Eugene, OR — After over four decades of advocating for orphaned and vulnerable children, Holt International’s Susan Soonkeum Cox will retire at the end of December. Cox, who is Vice President of Policy and External Affairs, was elected to the Holt International Board of Directors in 1976 as the board’s first adoptee, and in 1984 joined Holt’s staff as Director of Development.
Phil Littleton, Holt President and CEO says, “Susan’s life has embodied the beauty and extraordinary mission of Holt International. Born in Korea and one of the first children adopted through Holt, Susan has made important connections worldwide concerning adoption and the needs of children. Her life, her passion and her focus on what is best for the child, all leave a legacy behind that will bless Holt for years to come.”
“When I joined the Holt Board, it was a pioneering concept to include an adoptee,” Cox said. “I never expected that my life’s work would be advocating for children and for improving adoption practices, but it has been a privilege beyond measure.”
Cox has been an unwavering advocate for the adoptee perspective, directing Holt Heritage Camps and leading adoptee and family tours to Korea. In 1999, she founded the First International Gathering of Korean Adoptees in Washington, D.C.
In addition to the gathering, Cox organized many other events for adoptees, including the National Reunion of Vietnamese Adoptees in Baltimore; the Vietnam Photo Exhibition and the Photo Exhibit of the First Generation of Korean Adoptees in Washington, D.C.; the Reunion of First Generation of Korean Adoptees; and special events with Korean adoptees to honor Korean War Veterans that included leading a delegation of adoptees and Korean War Veterans to the Opening Ceremonies of the 2018 Winter Olympics in South Korea. Cox is also editor of “Voices from Another Place” and “More Voices.”
“When I began working in adoption, I felt like an island,” said Cox. “As I connected with adoptees through camps and tours, I witnessed and understood the profound connection of the adoption experience. This connection was so powerful I believed it needed to be shared, particularly with the first generation adoptees who never experienced connection to other adoptees.”
“When I began working in adoption, I felt like an island. As I connected with adoptees through camps and tours, I witnessed and understood the profound connection of the adoption experience. This connection was so powerful I believed it needed to be shared, particularly with the first generation adoptees who never experienced connection to other adoptees.”Susan Cox
Hong Koo Lee, former Korean prime minister and former Korean ambassador to the United States, said, “Susan has successfully led a remarkable change in popular perception of international adoption and its positive impact on both Korea and the United States — and perhaps the global community. The success of the Korean adoption program to the United States owes a great deal to Susan Cox’s leadership and imagination.”
In addition to her work in adoption and child welfare, Cox was named U.S. Representative to Women’s Vital Voices Conference in Montevideo; invited by Secretary Madeleine Albright to serve on the Advisory Committee for Voluntary Foreign Aid; and was appointed by President Clinton to serve on the first White House Commission on Asian and Pacific Islanders.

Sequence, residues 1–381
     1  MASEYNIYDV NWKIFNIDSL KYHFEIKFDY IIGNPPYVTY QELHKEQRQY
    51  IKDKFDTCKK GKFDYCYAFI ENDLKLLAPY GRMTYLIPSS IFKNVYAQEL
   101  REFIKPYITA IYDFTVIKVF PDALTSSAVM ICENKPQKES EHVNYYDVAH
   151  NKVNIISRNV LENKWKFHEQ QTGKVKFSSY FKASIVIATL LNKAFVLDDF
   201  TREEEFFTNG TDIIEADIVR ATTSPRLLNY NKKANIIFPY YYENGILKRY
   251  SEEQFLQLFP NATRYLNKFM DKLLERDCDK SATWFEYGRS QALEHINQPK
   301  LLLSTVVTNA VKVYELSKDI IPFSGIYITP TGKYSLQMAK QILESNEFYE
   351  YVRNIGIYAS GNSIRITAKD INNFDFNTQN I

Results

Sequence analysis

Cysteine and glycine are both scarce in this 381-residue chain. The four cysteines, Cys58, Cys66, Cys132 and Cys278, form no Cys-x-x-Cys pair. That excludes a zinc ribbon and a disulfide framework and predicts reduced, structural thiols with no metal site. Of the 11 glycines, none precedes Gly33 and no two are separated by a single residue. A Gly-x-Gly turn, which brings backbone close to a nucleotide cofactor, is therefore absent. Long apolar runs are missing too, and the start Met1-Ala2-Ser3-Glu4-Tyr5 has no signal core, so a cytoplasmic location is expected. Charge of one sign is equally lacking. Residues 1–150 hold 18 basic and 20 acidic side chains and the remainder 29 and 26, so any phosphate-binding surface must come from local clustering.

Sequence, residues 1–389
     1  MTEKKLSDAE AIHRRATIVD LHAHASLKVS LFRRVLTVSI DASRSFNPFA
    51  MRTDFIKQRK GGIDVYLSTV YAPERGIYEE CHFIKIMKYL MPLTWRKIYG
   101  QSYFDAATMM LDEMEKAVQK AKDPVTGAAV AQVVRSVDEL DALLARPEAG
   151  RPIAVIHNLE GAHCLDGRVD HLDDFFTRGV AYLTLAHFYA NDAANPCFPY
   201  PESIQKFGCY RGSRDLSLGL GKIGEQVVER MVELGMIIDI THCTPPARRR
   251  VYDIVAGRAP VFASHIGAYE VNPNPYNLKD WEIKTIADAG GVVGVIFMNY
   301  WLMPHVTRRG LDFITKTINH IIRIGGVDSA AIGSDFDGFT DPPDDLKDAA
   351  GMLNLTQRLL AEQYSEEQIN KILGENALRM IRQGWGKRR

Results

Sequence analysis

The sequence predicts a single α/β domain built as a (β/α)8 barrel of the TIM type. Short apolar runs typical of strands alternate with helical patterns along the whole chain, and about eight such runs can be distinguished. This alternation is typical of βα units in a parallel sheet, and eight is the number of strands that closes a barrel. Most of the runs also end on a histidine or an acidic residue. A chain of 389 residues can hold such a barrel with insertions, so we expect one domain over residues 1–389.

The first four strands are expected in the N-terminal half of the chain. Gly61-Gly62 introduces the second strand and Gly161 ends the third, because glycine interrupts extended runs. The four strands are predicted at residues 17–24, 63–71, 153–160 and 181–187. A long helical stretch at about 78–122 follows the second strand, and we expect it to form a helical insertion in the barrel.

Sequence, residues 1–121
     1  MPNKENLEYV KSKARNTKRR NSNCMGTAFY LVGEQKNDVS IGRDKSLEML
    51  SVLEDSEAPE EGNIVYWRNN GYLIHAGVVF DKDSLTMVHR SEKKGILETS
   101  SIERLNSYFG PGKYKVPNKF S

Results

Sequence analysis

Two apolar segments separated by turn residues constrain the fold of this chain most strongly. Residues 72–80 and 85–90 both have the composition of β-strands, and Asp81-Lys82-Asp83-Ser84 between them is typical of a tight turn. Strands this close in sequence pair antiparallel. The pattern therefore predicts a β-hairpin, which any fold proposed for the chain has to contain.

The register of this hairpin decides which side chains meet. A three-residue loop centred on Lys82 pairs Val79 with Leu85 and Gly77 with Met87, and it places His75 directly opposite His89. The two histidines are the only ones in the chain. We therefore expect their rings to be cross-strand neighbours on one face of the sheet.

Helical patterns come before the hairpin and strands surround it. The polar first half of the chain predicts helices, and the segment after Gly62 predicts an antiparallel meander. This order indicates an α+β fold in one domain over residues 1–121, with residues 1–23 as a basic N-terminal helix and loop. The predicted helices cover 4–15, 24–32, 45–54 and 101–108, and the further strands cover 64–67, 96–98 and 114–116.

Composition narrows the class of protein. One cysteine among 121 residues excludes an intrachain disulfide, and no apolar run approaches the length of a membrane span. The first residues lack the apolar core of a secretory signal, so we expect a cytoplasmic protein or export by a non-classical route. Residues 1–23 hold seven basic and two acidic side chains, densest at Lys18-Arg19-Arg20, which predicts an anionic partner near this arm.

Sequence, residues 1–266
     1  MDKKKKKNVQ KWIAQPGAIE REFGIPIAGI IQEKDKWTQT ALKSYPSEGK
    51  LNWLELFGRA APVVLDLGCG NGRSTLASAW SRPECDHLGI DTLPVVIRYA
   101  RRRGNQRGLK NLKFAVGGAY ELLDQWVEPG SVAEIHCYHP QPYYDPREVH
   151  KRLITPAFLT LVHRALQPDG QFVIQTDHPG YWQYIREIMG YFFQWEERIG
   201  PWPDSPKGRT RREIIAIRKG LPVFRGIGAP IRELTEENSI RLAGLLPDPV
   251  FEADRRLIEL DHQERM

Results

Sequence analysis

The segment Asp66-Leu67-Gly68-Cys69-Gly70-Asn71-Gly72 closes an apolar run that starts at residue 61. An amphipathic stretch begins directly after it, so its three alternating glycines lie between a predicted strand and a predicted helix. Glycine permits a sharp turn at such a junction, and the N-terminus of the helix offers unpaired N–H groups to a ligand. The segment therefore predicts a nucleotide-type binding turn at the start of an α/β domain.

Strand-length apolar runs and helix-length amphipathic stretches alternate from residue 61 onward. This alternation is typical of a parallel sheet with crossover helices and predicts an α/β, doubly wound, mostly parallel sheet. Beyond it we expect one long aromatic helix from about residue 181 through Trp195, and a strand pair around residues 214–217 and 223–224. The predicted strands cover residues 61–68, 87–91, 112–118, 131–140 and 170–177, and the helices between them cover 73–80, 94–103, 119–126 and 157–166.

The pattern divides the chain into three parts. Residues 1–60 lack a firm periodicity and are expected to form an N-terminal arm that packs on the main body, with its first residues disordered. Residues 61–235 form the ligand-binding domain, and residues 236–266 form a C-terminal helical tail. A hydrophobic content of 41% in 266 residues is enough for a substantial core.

Cox was designated by Korean Ministry of Health and Welfare as U.S. spokesperson for Korean adoption for Olympic Games in 1988; In 2005 was selected as an “Honorary Citizen of Seoul”; appointed as an Honorary Consul for the Republic of Korea in Oregon in 2013; received “Award of Merit” by Ministry of Health & Welfare in 2020; currently serves on the Governor’s Oregon Commission of Asian and Pacific Islanders.
As Cox reflected on her career, she said, “I have witnessed the positive changes and evolution in adoption and child welfare practices over forty years, but more is necessary. Adoption and child welfare practices must consistently and deliberately be evaluated to better serve children.”
“Susan missed no opportunity to draw attention to, and highlight, the vital significance of the Adoption Convention — through the conferences she organized or in her work with countries of origin of children, encouraging those countries to join and correctly apply its safeguards and procedures,” said Hans van Loon, Former Secretary General of the Hague Conference on Private International Law. “She took an active part in the five-yearly meetings of the HCCH’s Special Commission on the practical operation of the Convention, sharing both her personal and her professional experience with experts from all over the world.”
Cox experienced the full circle of adoption in 1993 when she searched for her birth family in Korea. “I was looking for my birthmother, who I learned died the same year I visited Korea for the first time,” she said. “Instead of my mother, I met half-brothers who never knew of me. I’m grateful to have found them and while we share the same biology, we do not have shared history. For me, it is the shared history that is the true essence of family.”
Cox acknowledges that adoption is bittersweet. “But the reality is that for literally thousands of children the only possibility for them to have a family is adoption,” she said.
“I visited an orphanage for the first time when I was 24 years old,” Cox remembers. “Seeing the children, now adults, who were not adopted brought a stark clarity to how different our lives were because I had a family, and they did not. When I see those same adults today, it is more poignant because now they are orphans with gray hair.”
Cox lives in Eugene, Oregon with her husband, Greg Fitz-Gerald.